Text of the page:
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  • Writer's pictureJayma Anne Montgomery


Why are Christians often labeled as hypocrites? Some of it is because people really do expect us to never make mistakes. But most of it is because there are far too many examples of inconsistency between the things we say and the things we actually do. Russell Moore has said on a number of occasions that many people who are deconstructing their way out of the faith are doing so because they don’t believe that the Christians around them actually believe the teachings of the faith. The thing that matters most to me is whether or not this is being done willfully by the offending party. There are people who knowingly deceive and lie for the sake of maintaining tradition, political power, or a coveted position within a local church. In my experience, this is not the majority. Most people I have encountered who live out a Christian faith that is inconsistent with Biblical teachings are not aware of this discrepancy. They are living out a version of Christianity that is faithful to what has been taught across the pulpit, dictated by political commentators, demonstrated by Christian celebrities, and exemplified in the lives of their local church leaders.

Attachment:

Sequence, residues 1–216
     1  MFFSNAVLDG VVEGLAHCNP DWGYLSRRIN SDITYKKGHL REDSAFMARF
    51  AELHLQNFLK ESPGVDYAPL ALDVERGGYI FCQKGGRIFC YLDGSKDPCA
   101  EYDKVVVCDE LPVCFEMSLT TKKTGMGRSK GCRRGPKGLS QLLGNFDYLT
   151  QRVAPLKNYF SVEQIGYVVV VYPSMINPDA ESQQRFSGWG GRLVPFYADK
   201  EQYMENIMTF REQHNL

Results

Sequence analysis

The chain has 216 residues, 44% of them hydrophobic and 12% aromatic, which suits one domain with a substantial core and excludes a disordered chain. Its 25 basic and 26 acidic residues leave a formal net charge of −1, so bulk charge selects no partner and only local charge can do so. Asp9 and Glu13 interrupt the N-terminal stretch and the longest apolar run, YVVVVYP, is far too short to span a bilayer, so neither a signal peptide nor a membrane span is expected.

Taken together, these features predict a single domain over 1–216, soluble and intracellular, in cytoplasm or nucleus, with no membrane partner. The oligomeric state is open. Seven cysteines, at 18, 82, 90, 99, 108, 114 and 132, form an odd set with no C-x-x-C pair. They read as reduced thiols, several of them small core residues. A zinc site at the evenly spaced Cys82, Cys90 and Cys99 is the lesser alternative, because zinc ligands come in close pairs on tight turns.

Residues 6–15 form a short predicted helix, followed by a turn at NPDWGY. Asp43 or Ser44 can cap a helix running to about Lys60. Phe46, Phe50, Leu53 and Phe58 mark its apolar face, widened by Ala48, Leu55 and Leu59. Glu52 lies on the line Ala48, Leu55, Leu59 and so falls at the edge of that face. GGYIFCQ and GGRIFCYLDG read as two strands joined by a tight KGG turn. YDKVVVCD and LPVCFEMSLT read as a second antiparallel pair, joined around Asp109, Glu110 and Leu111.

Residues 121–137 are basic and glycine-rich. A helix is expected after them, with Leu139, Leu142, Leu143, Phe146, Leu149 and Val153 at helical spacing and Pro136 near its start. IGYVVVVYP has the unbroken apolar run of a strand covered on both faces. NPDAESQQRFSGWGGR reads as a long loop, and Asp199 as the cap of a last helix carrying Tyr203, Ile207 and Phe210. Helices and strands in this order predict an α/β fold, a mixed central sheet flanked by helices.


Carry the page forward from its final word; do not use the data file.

Part of the reason that people are so easily deceived into believing that this was or still is a decidedly ‘Christian’ nation is because of the centuries-long cultural Christianity that has dominated public life. Public prayer, Christian symbols, and Christian language have been the norm at sporting events, school assemblies, in the courtroom, and at graduations. But wearing a veneer of Christianity, no matter how convincing, is not the same thing as conducting oneself "Christianly". I would argue that our unjust laws, corrupt leaders, mistreatment of the poor/marginalized, and rabid idolatry of wealth, power, and the free market betrays our collective heart of darkness. God is mostly treated like a device and the Christian way of life is treated as something you do when it’s convenient rather than something you live because you are fully persuaded of its rightness. But the idea of loving the LORD simply because of who He is and obeying Him no matter the personal cost isn’t a very popular notion. It's certainly not the sentiment that is fueling the multi-billion dollar Evangelical industry of books, music, conferences, and highly paid celebrity pastors. Cultural Christianity invites us to enter into a way of life that is convenient, materially prosperous, and wildly popular. The way of Jesus invites us to deny ourselves daily, take up our cross, and follow Him (Luke 9:23).